Hemlock Books

For the best in film horror, mystery and the macabre

Books • magazines • dvds • posters • collectibles


It's Only Rock

Pop stars, eh? Where do they get off? With their singing and their dancing and all the guitars and the drums and their CDs and concert tours and pop videos. All of that and it’s still not enough, apparently, because sooner or later some of them decide that they can also act. Just because they’ve pranced around on stage and been in a few pop videos.

Let me tell you, being in a pop video isn’t really acting. Heck, I’ve been in a pop video. You can probably even find it on YouTube if you’re bothered. It was for a song called Phasers on Stun by an indie band whose name Urusei Yatsura came from some dodgy old anime series. The video was directed by my old pal Tony Luke, whose various creations include animated British horror feature Dominator, half-hour stop-motion/live-action Sci-Fi Channel UK production Archangel Thunderbird and, back in the day, a Nemesis the Warlock photo-story in 2000AD.

Anyway, Tony had got the gig to make this video and had decided to film it in a London bar which was decked out in a Star Trek theme. I was cast against type as a nerdy sci-fi fanboy. Stop sniggering at the back there. The basic plot was that the band were playing in this bar and a load of sci-fi fans were rocking out to the music. I was equipped with a magic remote control that I mischievously used to turn the musicians into cartoons (using the same sort of limited proto-Flash animation that was in Dominator). However, the jostling of the crowd caused me to accidentally spill the pint of a nearby Klingon (played by an Afro-haired guy named Manny) which prompted him to knock the remote control from my hand and stamp on it. At which point all hell was let loose with people turning into cartoons left, right and centre, including my own fanboy nerd character transforming into a giant mecha-MJ which could only be defeated by the members of Urusei Yatsura joining together to harness the power of rock 'n’ roll. Or something.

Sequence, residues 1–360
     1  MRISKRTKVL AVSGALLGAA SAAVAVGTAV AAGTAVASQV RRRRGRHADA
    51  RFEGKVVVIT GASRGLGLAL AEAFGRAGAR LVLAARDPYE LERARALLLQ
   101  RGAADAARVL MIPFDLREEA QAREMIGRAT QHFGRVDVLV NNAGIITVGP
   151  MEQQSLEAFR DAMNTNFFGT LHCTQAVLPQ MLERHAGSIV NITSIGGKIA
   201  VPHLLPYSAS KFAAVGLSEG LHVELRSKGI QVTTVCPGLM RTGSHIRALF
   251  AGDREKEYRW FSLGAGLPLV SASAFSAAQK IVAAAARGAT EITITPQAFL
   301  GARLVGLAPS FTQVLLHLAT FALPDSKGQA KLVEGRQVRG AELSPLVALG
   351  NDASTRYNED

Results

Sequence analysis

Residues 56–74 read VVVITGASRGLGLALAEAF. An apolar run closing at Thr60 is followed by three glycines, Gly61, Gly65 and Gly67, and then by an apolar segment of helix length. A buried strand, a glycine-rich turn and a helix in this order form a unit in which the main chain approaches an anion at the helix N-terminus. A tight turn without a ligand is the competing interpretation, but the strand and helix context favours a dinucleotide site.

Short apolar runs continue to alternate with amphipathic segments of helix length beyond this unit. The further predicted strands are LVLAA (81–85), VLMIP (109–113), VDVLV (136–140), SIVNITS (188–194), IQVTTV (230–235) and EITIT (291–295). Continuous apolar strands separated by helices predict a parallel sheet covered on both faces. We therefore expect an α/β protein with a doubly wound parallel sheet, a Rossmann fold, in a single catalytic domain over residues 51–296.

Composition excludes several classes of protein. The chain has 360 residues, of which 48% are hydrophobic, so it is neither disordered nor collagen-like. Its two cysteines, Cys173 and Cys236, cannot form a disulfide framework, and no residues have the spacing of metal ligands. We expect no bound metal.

That was the intention at any rate. I’m really not sure any of that comes across in the actual video, which was shot in one afternoon on a budget that could barely afford the cost of Manny’s pint. Those were the days long before YouTube, of course; long before there was any feasibility of putting any sort of moving image on the web. In those days pop videos were made to be shown on TV (all four channels of it) and occasionally swapped on VHS tapes. Incredibly, Phasers on Stun WAS shown on TV! The old ITV Chart Show on a Saturday lunchtime used to rotate three specialist top tens: indie, rock and dance. And one week when it was the turn of the indie chart, Phasers on Stun was somehow at the top thereof – and there was me, Manny, the band and the rest of the extras actually on national TV. Thus was my brush with rock stardom.

Of course, fantasy/sci-fi/horror imagery in pop videos is nothing new. For example, most of Meat Loaf’s videos over the decades have been pretentiously daft gothic fairy tales, and it was spotting the man born Marvin Lee Aday in a movie which actually prompted this blog. I was watching Bloodrayne, an incomprehensible vampire medieval saga directed by my mate Uwe Boll, as part of the research for my next Hemlock book. The star-studded cast includes Ben Kingsley, Geraldine Chaplin, Udo Kier and Meat himself (credited as Meat Loaf Aday) as some sort of vampire playboy/sheikh. Surrounded by a scantily clad harem (played, rumour has it, by local prostitutes to keep the budget down) and with some risible periwig on his head, Meat Loaf’s character was… well, I don’t know. By that point I had lost track of everything and if it was ever explained who/what he was, I missed it.